What Corporate Lawyers and Businesses Should Know About Customs Compliance

By: Derrick Kyle, Associate
Date: 06/23/2018

Since the Trade Facilitation and Trade Enforcement Act of 2015 (“TFTEA”) was signed into law in February 2016, U.S. Customs and Border Protection (“CBP”) has increased enforcement of U.S. import laws and regulations. Increased enforcement and associated risks should drive an increased focus by importers on compliance with CBP regulations. However, there remains a knowledge gap among some importing companies and non-trade attorneys related to a few of the basics of import regulations. In this regard, businesses and corporate attorneys should familiarize themselves with the issues below in order to navigate the increasingly risky waters of customs compliance. 


Every item imported into the United States must be classified according to a 10-digit code listed in the Harmonized Tariff Schedule of the United States (“HTSUS”). The HTSUS consists of 99 Chapters and captures nearly all articles in international commerce, ranging from live animals to works of art and antiques. Typically, the first six digits of an HTSUS code are harmonized to correspond to the first six digits of most other countries’ tariff classification for the same item.[1]

The HTSUS code for merchandise determines the amount of duty to be paid upon entry. If the classification of the merchandise is incorrect, the duty paid will likely also be incorrect, potentially leaving the importer liable for unpaid duties or causing an overpayment of the appropriate duty amount. The HTSUS code also alerts the importer to potential special duty rate programs (e.g., free trade agreements and the Generalized System of Preferences (“GSP”)[2]). Upon entry, the declared HTSUS code will also alert CBP to any further requirements mandated by other government agencies, like the Food and Drug Administration or Environmental Protection Agency.


Calculating the value to be reported for merchandise upon entry may seem like a straightforward proposition. In reality, customs valuations can be quite complicated and are a major stumbling block for many companies. First, there are six methods for determining customs valuation, applied in sequential order: (1) transaction value, (2) transaction value of identical merchandise, (3) transaction value of similar merchandise, (4) deductive value, (5) computed value, and (6) a combination of the other methods “reasonably adjusted” to arrive at a value.

In addition to selecting the appropriate valuation method, the importer must consider multiple other factors that may affect the value of the import, including, but certainly not limited to, related party transactions, assists, inland freight charges, and buying/selling commissions.  In an attempt to address all the potential pitfalls of customs valuation, CBP has published its “Valuation Encyclopedia,” a 580-page document devoted to key issues related to customs valuation.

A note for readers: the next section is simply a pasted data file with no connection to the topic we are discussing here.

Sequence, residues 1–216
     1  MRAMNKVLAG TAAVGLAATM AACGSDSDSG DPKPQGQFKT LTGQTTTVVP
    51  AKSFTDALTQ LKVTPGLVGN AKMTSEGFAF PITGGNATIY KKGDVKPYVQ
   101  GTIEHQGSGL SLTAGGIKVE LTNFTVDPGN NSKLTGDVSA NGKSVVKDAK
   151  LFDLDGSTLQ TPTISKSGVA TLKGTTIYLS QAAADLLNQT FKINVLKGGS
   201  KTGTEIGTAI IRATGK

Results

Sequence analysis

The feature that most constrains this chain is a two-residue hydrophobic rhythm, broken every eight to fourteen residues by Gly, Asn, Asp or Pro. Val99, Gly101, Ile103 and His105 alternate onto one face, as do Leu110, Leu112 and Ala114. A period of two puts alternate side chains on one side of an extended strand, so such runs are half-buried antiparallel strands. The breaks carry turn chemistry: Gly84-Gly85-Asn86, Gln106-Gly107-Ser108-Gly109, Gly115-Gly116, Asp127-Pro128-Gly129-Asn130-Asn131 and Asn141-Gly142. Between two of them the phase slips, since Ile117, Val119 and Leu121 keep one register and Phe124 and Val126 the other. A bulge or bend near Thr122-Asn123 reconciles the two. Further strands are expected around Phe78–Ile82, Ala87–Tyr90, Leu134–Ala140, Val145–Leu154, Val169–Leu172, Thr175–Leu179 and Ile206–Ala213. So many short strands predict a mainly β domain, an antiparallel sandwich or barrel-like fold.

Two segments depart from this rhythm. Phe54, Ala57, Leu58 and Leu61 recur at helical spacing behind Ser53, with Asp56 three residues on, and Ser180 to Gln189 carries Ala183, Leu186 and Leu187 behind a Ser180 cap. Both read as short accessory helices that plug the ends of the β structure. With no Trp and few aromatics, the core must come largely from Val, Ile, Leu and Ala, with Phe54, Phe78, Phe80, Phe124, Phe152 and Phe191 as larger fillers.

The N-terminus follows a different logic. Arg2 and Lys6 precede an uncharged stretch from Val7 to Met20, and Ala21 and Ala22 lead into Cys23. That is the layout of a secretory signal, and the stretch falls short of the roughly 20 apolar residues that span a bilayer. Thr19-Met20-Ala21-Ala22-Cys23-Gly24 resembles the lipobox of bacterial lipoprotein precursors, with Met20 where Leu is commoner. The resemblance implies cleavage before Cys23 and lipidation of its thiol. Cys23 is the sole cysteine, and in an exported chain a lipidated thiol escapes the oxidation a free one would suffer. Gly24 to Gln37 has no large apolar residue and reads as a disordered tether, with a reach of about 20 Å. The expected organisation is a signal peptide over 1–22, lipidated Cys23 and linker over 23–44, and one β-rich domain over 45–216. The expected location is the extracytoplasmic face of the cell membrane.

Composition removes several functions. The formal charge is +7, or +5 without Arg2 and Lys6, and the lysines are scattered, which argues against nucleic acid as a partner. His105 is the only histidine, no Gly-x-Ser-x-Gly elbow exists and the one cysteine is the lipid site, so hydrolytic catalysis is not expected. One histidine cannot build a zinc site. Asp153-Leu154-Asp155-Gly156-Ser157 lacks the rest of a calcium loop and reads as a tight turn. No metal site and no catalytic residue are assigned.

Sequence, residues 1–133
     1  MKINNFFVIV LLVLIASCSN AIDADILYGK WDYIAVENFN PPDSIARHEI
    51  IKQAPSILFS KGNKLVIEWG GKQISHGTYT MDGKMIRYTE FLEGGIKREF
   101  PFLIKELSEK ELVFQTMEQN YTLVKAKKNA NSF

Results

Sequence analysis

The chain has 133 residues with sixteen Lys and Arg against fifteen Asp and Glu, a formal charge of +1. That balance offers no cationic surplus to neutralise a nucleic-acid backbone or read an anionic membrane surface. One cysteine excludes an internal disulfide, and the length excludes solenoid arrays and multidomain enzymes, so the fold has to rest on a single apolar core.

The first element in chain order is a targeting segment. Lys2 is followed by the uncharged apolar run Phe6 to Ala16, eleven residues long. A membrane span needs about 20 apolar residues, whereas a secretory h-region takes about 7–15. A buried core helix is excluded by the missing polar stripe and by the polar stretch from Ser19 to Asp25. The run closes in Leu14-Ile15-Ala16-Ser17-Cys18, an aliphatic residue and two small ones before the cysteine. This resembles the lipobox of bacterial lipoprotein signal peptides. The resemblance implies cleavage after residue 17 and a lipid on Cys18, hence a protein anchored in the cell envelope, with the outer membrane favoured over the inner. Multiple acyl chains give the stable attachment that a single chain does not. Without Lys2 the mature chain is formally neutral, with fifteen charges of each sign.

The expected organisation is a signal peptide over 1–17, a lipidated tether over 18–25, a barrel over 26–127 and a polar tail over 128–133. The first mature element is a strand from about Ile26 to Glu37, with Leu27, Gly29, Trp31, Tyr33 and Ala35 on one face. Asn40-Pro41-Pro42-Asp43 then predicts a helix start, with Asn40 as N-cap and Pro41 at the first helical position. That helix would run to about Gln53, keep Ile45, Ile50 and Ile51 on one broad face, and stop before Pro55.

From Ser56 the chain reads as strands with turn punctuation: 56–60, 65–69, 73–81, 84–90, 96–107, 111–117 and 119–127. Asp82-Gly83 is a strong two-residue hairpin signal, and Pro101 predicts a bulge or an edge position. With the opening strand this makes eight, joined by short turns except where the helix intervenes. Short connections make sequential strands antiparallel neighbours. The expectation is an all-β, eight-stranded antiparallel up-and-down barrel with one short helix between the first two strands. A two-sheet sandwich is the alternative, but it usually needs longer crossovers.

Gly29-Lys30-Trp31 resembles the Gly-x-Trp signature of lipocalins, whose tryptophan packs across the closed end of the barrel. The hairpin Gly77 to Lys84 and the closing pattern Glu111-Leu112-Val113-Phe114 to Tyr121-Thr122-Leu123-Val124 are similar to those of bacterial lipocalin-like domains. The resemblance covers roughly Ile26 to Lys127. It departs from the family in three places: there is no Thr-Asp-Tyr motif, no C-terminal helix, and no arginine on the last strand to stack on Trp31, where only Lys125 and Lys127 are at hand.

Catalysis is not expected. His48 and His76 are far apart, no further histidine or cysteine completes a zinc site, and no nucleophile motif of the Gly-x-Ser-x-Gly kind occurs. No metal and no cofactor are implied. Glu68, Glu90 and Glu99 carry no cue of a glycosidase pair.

Reasonable Care

Per 19 U.S.C. § 1484, importers are required to use “reasonable care” when entering merchandise into the United States. This requirement applies to classification, valuation, and all other such documentation or information necessary for CBP to assess the correct duty and ensure all applicable requirements are met. To assist importers in the exercise of reasonable care, CBP has published a list of questions to be answered by the company for each import transaction. This reasonable care “checklist” is not exhaustive. Every import transaction will be different, and whether or not reasonable care is exercised will depend on the specific facts and circumstances of the import transaction.

If a company finds that it has not been exercising reasonable care in importing merchandise, it should review its past five years of import transactions and determine whether it has entered merchandise in violation of 19 U.S.C. § 1592.[3] Section 1592 prohibits the entry or attempted entry by fraud, gross negligence, or negligence of merchandise using (1) documents, electronically transmitted information, written or oral statements, or acts which are material and false, or (2) material omissions. If a §1592 violation is discovered, the company, with assistance from legal counsel as necessary, should determine whether it would benefit from filing a prior disclosure of the violations with CBP. (Torres Law has previously addressed this topic in the article Should I File a Customs Prior Disclosure?)

ACE Reports